The great news is we haven’t blown it yet. We still have incredible assets to reserve and build upon: immense underwater canyons and sea mounts, fringing reefs, barrier reefs. Remote archipelagos teeming with birds and turtles. Precious inshore habitats, breeding grounds. Intricate coral atolls that are thrumming engines of oceanic life. These miracles of nature are our good and great fortune. They aren’t just sources of protein. They’re also food for thought, fields of scientific discovery. They are reservoirs of life inextricably entwined with our own. Because the health of the sea determines our human future. Yes, we
This isn’t the fever-dream of some dreadlocked vegan on the fringes of Australian society. (And my apologies to all the hirsute and enlightened here tonight.) What I’m saying here is mainstream. This is white-bread thinking. The overwhelming and uncontroversial scientific consensus is that in order to maintain or regain their health our oceans need the balance tipped back firmly in their favour. How? By more sober management, more restraint, creating savings in the form of sanctuaries.
Commonwealth waters are public assets. The family silver. Silver that moves, breathes, swims. If you’ve ever swum in a school of trevally or barracuda or anchovies, you’ll know what I mean; it’s like being Scrooge McDuck rolling around in the vault. These riches are
have compromised great ecosystems already. We’ve made mistakes. And we’ve improved our game. But there’s a gap between our aspirations and our achievements when it comes to stewardship. We must do better. We will do better. If we act now. entrusted to government by the people. That trust, gravity of the task, has come into sharp focus in recent years. And in the past decade, in a groundswell of public consciousness that I simply didn’t see coming, citizens have begun to expect a new level of accountability in marine stewardship. Why the sea? Well, because as much as they love the bush, Australians spend more time on the water. And they travel abroad – especially to places where they swim and surf and fish. Like me, I guess, they’ve come to see what we stand to lose. What the worst future looks and feels and tastes and smells like. So they value their marine inheritance much more consciously and vividly than you may realize. They expect the managers of their marine birthright to act prudently, conservatively. Which means they expect proper fisheries management. They want to know there are genuine limits to the incursions of oil and gas, that a marine system is at least as important as a coal-mine, or a port. Most importantly they expect government to hold significant marine assets in reserve by way of parks and sanctuaries. Where people can visit but not extract anything.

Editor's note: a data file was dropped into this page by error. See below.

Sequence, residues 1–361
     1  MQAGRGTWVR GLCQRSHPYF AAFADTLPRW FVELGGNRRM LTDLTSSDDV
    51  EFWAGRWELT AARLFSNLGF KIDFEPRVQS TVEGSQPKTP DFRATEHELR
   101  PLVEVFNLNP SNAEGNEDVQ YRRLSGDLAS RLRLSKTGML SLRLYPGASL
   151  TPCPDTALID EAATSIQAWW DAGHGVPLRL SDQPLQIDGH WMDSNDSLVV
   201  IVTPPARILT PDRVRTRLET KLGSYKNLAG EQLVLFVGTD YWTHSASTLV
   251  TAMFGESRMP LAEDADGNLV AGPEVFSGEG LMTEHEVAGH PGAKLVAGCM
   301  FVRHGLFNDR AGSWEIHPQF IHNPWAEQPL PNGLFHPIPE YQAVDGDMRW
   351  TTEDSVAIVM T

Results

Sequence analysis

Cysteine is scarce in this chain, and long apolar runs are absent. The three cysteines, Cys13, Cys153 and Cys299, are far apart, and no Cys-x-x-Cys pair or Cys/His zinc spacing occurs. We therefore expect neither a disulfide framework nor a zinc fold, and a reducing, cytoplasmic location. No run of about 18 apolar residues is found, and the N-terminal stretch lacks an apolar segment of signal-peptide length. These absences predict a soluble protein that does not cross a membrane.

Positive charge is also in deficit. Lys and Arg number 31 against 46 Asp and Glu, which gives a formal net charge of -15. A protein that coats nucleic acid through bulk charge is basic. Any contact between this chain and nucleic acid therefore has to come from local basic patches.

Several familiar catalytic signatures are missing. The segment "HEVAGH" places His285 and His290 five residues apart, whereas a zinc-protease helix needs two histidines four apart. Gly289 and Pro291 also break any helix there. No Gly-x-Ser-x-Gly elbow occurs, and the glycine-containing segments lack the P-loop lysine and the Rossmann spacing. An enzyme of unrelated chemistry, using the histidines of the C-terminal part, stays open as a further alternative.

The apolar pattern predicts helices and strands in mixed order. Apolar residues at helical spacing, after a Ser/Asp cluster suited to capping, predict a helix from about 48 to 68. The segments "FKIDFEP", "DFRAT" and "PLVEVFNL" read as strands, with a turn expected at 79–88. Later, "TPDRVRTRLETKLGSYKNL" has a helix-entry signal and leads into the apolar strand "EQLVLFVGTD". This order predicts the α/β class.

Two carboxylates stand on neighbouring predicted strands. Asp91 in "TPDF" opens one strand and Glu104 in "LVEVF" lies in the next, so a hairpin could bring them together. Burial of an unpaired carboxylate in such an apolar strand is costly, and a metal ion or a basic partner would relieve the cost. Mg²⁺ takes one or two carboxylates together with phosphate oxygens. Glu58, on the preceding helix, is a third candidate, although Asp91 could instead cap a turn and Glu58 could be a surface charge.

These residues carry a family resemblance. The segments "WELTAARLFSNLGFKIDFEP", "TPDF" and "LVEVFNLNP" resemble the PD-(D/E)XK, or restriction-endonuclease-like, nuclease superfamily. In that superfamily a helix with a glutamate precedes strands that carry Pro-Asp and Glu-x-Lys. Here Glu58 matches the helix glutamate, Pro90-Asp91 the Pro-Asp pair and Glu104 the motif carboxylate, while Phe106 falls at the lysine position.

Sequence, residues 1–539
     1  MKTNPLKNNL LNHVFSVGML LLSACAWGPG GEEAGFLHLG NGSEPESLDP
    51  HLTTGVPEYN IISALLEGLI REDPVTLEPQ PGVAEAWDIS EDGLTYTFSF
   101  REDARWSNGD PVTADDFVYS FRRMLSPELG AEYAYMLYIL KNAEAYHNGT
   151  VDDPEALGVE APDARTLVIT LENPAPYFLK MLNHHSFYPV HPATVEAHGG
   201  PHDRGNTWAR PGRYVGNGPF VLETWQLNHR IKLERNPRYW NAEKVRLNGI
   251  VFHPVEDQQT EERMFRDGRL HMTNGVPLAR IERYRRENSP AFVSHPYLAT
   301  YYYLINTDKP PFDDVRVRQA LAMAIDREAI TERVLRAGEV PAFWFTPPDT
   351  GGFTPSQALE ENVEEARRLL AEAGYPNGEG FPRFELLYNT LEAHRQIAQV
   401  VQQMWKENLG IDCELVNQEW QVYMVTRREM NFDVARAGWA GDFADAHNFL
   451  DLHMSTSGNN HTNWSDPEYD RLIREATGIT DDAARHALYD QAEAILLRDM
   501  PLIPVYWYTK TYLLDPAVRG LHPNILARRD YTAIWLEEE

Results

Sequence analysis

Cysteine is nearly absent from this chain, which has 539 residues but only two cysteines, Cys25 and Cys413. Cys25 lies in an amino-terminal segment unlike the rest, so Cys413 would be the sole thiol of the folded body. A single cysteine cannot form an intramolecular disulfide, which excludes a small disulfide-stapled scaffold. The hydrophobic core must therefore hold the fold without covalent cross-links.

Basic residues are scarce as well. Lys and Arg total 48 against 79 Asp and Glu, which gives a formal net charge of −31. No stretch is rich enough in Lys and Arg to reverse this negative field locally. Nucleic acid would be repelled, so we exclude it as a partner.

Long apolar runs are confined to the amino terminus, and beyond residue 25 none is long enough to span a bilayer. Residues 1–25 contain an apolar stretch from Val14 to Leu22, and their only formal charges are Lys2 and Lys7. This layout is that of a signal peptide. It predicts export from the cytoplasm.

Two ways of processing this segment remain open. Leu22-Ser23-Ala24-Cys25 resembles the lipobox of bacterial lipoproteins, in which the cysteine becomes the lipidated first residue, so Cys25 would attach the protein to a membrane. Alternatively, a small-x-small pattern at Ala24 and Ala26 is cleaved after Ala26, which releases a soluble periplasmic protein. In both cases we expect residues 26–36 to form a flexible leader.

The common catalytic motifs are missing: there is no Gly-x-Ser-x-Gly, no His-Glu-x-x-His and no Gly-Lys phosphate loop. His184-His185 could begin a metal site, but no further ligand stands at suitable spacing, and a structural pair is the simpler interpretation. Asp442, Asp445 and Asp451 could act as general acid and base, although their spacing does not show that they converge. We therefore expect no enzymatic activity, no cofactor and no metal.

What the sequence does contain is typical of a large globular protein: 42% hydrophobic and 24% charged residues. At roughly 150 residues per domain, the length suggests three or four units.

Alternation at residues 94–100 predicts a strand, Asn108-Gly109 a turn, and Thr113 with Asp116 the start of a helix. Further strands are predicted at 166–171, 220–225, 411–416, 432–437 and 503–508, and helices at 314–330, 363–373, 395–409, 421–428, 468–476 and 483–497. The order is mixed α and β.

There’s a precedent for this, one that makes sense to ordinary people. Generations ago, when our nation was far less prosperous, far less educated, far less certain of its place in the world, our forebears set aside habitats and ecosystems on land in the form of national parks and reserves. Pretty brave at the time. This was their gift to the future. The kind of sacrifice Australians instinctively understand and celebrate. You and I inherited the fruit of that enlightened impulse. We enjoy the work and the courage of those Australian thinkers and legislators who came before. And now, from the fringes of our cities, from the very hearts of our cities in some instances, right out to the interior, there are wild places to which we can take our children, where we study, or simple stare in awe - because someone fifty, sixty, seventy years ago was visionary enough, decent enough, and courageous enough to make it happen, to reserve a share of the family silver for us. You and I are connected to those visionaries by that patriotic impulse, that love of country, that love of family.
So now in 2012 we’re on the cusp of achieving something like that in the sea. A system of marine parks for the nation. A network of representative ecosystems reserved for conservation purposes. It’s the outcome of a process that’s not owned by any narrow political interest. It’s taken years of study and consultation, been overseen and supported by governments both Liberal and Labor. It has the potential – if we hold our nerve and follow through - to be one of the great moments of marine stewardship. Of environmental responsibility. But also one of the great moments of Australian patriotism when our belief in the common good shines through, when we show our higher selves
This is not a fringe thing. And neither should it be contentious, although I know there have been attempts to make it so, to make something unifying into something divisive. But the principle of marine parks has taken hold. You know that hen more than 100,000 citizens make submissions in support of them, urging members of parliament to stay the course and reserve these parks, that something’s going on. 100,000 people: that’s a capacity crowd at the MCG on Grand Final Day. Each of these people has friends and family that they’re talking to about this. People in this room know better than me what the multiplier effects are there. So think about that.